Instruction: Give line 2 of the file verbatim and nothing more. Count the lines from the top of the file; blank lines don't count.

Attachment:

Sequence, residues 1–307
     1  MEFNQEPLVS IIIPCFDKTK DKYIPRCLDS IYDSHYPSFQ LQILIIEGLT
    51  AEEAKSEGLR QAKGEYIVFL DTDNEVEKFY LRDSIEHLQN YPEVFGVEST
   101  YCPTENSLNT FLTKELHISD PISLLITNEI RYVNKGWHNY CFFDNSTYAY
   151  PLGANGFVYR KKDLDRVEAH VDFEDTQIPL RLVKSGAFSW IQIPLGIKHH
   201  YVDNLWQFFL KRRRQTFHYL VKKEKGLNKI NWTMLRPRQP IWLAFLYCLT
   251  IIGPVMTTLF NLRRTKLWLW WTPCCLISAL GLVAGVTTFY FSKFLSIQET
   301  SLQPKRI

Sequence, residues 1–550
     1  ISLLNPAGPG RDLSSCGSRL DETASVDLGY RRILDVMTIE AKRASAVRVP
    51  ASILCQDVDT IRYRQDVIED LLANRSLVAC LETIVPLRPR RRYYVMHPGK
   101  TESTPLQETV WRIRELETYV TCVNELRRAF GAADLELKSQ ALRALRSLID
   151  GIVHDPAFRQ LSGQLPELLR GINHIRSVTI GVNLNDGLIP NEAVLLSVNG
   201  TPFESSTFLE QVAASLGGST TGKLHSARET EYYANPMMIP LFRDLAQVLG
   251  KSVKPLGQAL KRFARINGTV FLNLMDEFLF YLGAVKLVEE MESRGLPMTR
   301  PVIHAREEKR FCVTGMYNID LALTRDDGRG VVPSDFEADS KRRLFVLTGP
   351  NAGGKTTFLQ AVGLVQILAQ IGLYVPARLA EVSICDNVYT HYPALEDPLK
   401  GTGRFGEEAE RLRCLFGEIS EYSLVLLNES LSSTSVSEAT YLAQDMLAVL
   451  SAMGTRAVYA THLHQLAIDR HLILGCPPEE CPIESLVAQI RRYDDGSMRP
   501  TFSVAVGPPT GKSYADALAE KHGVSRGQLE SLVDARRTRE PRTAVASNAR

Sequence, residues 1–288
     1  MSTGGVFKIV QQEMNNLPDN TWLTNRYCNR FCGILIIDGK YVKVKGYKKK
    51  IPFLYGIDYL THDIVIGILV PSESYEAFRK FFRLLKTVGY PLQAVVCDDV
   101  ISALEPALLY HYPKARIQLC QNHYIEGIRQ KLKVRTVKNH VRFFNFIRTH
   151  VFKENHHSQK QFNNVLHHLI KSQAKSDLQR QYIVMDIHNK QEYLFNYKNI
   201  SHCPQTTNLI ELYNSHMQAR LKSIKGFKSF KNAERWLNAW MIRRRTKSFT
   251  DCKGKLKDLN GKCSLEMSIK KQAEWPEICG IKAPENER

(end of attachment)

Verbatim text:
     1  MEFNQEPLVS IIIPCFDKTK DKYIPRCLDS IYDSHYPSFQ LQILIIEGLT